Kaesler ‘Stonehorse’ Shiraz 2016
Barossa Valley, South Australia

The Kaesler family was one of the pioneers of Barossa winemaking, planting their first vines in the 1890s. Even today, after almost 130 years of hard work in the fields, the team dedicates its all to discovering how the dirt works in symbiosis with the plants, to get the best out of both worlds. Nobody expected much from this Shiraz since trying Kaesler’s entry level wines a few weeks back wasn’t too exciting, but boy did this change the scores. Inky violet in the glass with ripe dark fruit grabbing attention and teaming up nicely with hints of earth and baking spice. Startlingly crisp and juicy acidity. The oak played its role perfectly in the background, almost untraceably. 10/10 would drink again.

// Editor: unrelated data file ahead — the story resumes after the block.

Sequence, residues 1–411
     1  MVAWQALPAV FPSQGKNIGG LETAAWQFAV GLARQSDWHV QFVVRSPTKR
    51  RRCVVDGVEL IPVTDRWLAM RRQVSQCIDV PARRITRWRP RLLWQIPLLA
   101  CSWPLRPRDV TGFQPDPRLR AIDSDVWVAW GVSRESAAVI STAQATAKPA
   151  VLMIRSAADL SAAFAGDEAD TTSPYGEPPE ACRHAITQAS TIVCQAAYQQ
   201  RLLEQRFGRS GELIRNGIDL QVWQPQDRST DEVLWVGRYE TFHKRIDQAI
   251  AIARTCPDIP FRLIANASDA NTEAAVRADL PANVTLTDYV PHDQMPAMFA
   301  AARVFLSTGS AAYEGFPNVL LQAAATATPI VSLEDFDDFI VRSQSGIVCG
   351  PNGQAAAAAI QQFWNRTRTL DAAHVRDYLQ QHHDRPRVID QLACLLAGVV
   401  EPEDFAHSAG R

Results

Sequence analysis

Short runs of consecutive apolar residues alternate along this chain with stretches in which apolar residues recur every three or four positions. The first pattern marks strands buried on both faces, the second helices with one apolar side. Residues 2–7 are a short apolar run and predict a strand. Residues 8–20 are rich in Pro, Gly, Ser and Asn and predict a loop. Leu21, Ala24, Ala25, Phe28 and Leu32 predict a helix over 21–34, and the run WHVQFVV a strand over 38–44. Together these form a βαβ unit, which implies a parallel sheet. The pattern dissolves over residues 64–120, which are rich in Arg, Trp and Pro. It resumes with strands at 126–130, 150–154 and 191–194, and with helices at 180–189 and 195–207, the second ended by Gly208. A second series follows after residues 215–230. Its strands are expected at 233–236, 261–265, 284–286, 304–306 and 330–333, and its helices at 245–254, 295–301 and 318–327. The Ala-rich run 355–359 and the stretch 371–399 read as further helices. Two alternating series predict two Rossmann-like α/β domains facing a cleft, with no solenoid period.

Price: S$53 (€34)
Purchased: The Straits Wine Company
You might also like: Rockford ‘Basket Press’ Shiraz, Two Hands Zippy’s Block Shiraz


Charles Cimicky ‘Trumps’ Shiraz 2014
Barossa Valley, South Australia

Czech immigrant Karl Cimicky founded this winery back in the early 1970s (then called Karlsburg Wines). Today, his son Charles calls the shots and strives towards making wines as organically as possible. Or just as much as he wants to go down the organic rabbit hole. This Shiraz was named after the term “come up trumps”, which means to gain unexpected success (usually used in gambling). Sorry Trump-lovers. This one ain’t for you. Aged in small barrels, the wine offers aromas of ripe black fruit, mocha, vanilla and cloves. Medium-bodied with grainy tannins and mellow acidity. Alcohol is high af (15%) and is well-detected on the last few seconds of the finish, but nothing major. There was a feeling in the group that this could have been sharing the throne with BEB if the winemaker was a bit more careful in the cellar. Oh well.

Price: S$36 (€23)
Purchased: The Oaks Cellars
You might also like: Langmell Valley Floor Shiraz, Kalleske Greenock Shiraz


Tyrrell’s ‘Brokenback’ Shiraz 2011
Hunter Valley, New South Wales